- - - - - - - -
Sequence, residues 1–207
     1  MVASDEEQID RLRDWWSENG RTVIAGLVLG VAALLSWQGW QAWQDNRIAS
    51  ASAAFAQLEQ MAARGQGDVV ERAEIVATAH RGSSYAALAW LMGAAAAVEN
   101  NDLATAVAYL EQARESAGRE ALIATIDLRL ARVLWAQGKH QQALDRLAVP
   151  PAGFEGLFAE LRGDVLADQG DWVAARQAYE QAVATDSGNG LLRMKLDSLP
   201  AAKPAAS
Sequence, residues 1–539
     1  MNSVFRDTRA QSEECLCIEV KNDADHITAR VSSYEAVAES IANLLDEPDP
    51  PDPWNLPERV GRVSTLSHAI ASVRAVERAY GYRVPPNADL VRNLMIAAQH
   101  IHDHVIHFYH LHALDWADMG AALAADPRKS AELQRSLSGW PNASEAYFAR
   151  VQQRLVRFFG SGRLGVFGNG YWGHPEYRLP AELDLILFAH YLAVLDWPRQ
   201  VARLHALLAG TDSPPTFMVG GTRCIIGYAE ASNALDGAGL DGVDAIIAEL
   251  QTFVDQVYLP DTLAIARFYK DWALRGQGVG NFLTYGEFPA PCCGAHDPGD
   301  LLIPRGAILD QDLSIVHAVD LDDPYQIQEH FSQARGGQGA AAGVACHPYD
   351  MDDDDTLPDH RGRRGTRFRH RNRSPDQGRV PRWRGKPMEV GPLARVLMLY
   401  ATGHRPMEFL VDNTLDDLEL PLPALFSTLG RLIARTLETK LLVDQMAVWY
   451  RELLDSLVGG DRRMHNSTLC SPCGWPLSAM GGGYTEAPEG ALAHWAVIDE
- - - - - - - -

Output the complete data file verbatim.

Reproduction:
Sequence, residues 1–207
     1  MVASDEEQID RLRDWWSENG RTVIAGLVLG VAALLSWQGW QAWQDNRIAS
    51  ASAAFAQLEQ MAARGQGDVV ERAEIVATAH RGSSYAALAW LMGAAAAVEN
   101  NDLATAVAYL EQARESAGRE ALIATIDLRL ARVLWAQGKH QQALDRLAVP
   151  PAGFEGLFAE LRGDVLADQG DWVAARQAYE QAVATDSGNG LLRMKLDSLP
   201  AAKPAAS
Sequence, residues 1–539
     1  MNSVFRDTRA QSEECLCIEV KNDADHITAR VSSYEAVAES IANLLDEPDP
    51  PDPWNLPERV GRVSTLSHAI ASVRAVERAY GYRVPPNADL VRNLMIAAQH
   101  IHDHVIHFYH LHALDWADMG AALAADPRKS AELQRSLSGW PNASEAYFAR
   151  VQQRLVRFFG SGRLGVFGNG YWGHPEYRLP AELDLILFAH YLAVLDWPRQ
   201  VARLHALLAG TDSPPTFMVG GTRCIIGYAE ASNALDGAGL DGVDAIIAEL
   251  QTFVDQVYLP DTLAIARFYK DWALRGQGVG NFLTYGEFPA PCCGAHDPGD
   301  LLIPRGAILD QDLSIVHAVD LDDPYQIQEH FSQARGGQGA AAGVACHPYD
   351  MDDDDTLPDH RGRRGTRFRH RNRSPDQGRV PRWRGKPMEV GPLARVLMLY
   401  ATGHRPMEFL VDNTLDDLEL PLPALFSTLG RLIARTLETK LLVDQMAVWY
   451  RELLDSLVGG DRRMHNSTLC SPCGWPLSAM GGGYTEAPEG ALAHWAVIDE